The Brain in Train: Tracks, Maths and Truth

I feel odd when I consider this possibility: that all my thoughts are strictly determined, no more under my control than a straw in a gale or a stone in an avalanche. It seems paradoxical to have strictly determined thoughts about strictly determined thoughts. But is it? And is strict determinism fatal for finding the truth? I don’t think so. In fact, I think that strict determinism is essential for truth. But irrelevant associations get in the way of our understanding this. If our thoughts are determined, they seem like automatic trains running on rigid tracks. We might want to go to the station marked “Truth”, but if the switches are set wrong, the train will never get there. Or it will thunder through and never stop.

So we picture ourselves as helpless passengers on the brain-train, watching as we’re carried willy-nilly through a landscape of facts and ideas. But it wouldn’t really feel like that. Consider these questions: Is the sun shining at the moment? Is it cold or hot? You might think you know the right answers, but how can you be sure? You might be hallucinating or your sense organs might be lying or not working properly. But you assume otherwise. Certainly you hope otherwise. We want our sense organs to work in a deterministic way: to respond reliably and predictably to the stimuli of light, sound, heat, smell and so on. We want them to report what’s actually there in external reality. So why, once we have sense-data, do we want free will to organize and arrange them and draw conclusions from them? In short, why do we want free will in our thinking?

One answer might be: so we can correct errors in our thinking. But to correct errors of any kind we need to recognize them. However, we don’t want our mechanism-of-recognition to have free will. That’s already apparent in our attitude to our sense-organs. They are mechanisms-of-recognition too. They enable us to know whether things are so or not-so out there, in external reality. Is the sun shining? Is this fruit ripe? Is that a stone or a scorpion? And so on. But the same need for deterministic recognition applies in internal reality, in the world of logic and reasoning. Suppose you’re presented with this equation:

1 + 1 = 2

You recognize that as true and accept it (assuming you are sane and I am not hallucinating about what I have typed). But you have no choice about recognizing it as true and accepting it. Try as hard as you like: you cannot recognize “1 + 1 = 2” as false. Now try this:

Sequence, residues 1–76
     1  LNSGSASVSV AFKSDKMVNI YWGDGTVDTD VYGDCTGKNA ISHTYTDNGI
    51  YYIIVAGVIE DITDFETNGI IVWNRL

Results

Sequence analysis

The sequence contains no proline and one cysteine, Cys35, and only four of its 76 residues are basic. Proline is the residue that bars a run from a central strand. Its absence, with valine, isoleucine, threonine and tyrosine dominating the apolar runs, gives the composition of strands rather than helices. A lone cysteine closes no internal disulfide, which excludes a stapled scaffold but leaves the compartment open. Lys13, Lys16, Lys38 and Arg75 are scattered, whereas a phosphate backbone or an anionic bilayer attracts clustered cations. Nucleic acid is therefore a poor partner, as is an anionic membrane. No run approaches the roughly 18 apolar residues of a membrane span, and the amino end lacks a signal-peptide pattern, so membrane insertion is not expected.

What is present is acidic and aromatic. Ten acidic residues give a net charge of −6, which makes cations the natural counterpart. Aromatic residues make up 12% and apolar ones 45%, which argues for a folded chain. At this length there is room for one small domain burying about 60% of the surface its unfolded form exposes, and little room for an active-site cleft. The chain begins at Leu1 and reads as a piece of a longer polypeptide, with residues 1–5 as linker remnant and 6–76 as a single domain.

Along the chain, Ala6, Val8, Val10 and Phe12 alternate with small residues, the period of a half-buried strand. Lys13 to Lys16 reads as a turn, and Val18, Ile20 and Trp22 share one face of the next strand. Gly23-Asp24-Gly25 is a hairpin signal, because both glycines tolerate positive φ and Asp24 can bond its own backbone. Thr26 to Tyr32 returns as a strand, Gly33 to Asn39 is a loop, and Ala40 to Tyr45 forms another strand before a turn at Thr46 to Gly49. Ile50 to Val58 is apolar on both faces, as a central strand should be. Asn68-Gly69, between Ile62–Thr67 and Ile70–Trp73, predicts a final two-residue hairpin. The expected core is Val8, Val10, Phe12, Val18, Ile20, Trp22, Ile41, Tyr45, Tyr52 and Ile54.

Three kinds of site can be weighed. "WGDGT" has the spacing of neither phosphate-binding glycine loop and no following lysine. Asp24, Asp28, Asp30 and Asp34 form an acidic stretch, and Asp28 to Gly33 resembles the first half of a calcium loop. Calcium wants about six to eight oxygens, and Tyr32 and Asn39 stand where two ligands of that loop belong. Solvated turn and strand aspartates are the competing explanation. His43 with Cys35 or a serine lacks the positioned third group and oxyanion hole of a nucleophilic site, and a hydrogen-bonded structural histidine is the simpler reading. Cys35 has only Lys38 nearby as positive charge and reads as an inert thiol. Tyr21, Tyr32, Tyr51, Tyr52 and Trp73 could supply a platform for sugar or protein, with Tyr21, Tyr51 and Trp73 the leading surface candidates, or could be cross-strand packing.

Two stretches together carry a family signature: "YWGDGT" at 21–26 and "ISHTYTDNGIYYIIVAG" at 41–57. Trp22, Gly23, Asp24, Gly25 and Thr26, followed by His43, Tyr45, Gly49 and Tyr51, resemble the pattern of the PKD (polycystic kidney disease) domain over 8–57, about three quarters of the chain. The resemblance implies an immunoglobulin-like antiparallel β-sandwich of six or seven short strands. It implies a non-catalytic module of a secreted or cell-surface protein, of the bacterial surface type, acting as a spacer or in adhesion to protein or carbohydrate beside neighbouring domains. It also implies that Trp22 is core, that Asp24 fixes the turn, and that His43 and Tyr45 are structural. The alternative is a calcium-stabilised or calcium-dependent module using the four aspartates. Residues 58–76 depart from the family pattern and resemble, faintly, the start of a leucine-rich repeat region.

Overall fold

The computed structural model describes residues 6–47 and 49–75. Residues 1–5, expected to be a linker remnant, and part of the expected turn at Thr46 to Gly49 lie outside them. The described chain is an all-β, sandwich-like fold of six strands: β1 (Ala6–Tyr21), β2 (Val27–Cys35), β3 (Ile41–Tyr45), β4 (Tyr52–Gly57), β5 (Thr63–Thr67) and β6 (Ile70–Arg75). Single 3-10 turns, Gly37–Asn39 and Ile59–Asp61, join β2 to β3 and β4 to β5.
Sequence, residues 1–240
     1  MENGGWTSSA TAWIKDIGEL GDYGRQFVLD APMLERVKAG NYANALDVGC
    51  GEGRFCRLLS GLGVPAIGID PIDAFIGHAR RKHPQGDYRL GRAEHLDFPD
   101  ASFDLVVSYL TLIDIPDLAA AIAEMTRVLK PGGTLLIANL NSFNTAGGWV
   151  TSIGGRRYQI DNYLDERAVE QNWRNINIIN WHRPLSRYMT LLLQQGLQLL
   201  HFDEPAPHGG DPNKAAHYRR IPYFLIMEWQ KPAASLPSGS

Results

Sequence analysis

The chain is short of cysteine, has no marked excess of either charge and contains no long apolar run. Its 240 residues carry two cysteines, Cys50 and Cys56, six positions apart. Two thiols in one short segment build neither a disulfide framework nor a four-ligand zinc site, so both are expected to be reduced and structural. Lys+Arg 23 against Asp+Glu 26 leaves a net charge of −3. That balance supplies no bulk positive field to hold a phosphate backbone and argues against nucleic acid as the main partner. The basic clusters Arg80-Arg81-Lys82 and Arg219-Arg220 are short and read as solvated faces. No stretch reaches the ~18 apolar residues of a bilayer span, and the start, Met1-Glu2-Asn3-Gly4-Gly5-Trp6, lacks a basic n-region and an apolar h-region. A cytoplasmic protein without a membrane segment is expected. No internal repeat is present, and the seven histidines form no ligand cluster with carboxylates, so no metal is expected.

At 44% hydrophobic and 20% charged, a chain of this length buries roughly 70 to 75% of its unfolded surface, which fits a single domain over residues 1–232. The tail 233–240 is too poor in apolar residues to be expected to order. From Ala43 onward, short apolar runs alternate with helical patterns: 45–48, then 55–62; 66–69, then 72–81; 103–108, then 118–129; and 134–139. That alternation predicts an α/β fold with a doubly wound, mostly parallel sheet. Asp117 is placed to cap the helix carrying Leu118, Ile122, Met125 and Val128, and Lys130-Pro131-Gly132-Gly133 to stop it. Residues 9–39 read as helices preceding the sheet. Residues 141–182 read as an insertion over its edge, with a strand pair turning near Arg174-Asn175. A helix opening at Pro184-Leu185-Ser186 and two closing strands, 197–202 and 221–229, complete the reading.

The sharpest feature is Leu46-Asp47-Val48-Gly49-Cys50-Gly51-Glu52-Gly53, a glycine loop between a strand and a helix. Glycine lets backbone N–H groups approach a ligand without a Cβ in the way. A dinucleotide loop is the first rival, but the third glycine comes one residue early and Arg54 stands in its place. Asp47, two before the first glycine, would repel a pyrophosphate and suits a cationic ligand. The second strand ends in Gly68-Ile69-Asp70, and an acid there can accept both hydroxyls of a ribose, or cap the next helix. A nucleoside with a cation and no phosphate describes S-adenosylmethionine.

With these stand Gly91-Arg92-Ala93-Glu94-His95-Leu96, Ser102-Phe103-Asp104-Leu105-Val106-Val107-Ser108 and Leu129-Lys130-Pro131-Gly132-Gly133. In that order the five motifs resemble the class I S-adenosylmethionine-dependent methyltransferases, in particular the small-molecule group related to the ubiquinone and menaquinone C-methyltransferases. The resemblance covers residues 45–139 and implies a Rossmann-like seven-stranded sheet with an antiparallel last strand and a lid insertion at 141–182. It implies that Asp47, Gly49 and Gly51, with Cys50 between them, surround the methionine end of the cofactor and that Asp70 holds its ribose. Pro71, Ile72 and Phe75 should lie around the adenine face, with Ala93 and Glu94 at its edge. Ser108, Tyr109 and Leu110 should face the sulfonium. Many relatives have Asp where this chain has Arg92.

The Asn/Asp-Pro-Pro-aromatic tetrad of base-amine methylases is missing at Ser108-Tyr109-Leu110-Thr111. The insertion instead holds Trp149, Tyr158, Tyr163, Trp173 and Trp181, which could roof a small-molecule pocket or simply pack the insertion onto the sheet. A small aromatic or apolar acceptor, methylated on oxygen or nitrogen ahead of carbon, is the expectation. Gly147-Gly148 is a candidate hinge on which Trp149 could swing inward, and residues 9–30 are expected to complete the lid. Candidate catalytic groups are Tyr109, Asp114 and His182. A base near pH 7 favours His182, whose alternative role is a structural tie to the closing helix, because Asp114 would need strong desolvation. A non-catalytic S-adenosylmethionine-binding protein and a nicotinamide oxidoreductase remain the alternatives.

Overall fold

2 + 2 = 3

You recognize that as false and reject it. But you have no choice about recognizing-and-rejecting. Try as hard as you like: you cannot recognize “2 + 2 = 3” as true. There are mechanisms in your brain that you don’t control. Nor do you understand them, even if you’re an expert neurologist. But they allow you to recognize errors and correct them, which is why some people think we need free will to reason. They’re wrong, because recognizing error does not involve free will. This applies to simple reasoning, like the above, or complicated reasoning, like that involved in proving Fermat’s last theorem:

A recent false alarm for a general proof was raised by Y. Miyaoka (Cipra 1988) whose proof, however, turned out to be flawed. … In 1993, a bombshell was dropped. In that year, the general theorem was partially proven by Andrew Wiles (Cipra 1993, Stewart 1993) by proving the semi-stable case of the Taniyama-Shimura conjecture. Unfortunately, several holes were discovered in the proof shortly thereafter when Wiles’ approach via the Taniyama-Shimura conjecture became hung up on properties of the Selmer group using a tool called an Euler system. However, the difficulty was circumvented by Wiles and R. Taylor in late 1994 (Cipra 1994, 1995) and published in Taylor and Wiles (1995) and Wiles (1995). (Fermat’s Last Theorem at MathWorld)

When the data are very complicated, human beings make mistakes in recognizing the truth. Andrew Wiles thought he had proved Fermat’s last theorem. He was wrong: he had only partly solved it. In the end, he completed the proof. In other words, he perfected a deterministic chain of reasoning that imposed the truth on any brain that could follow it. Mathematics chains minds: the point of proof is to remove free will. We have no choice about accepting valid mathematics. For example, it is incontrovertibly true that primes are infinite in number and all maps can be filled in using only four colours. That is why all knowledge aspires to the condition of mathematics. We want reality to determine our beliefs, not our beliefs to determine reality. Or some of us want that, anyway. But that’s another story.

Previously pre-posted (please peruse):

The Brain In Pain: Choice, Joyce and the Colour of Your Hair
At the Mountains of Mathness — general index

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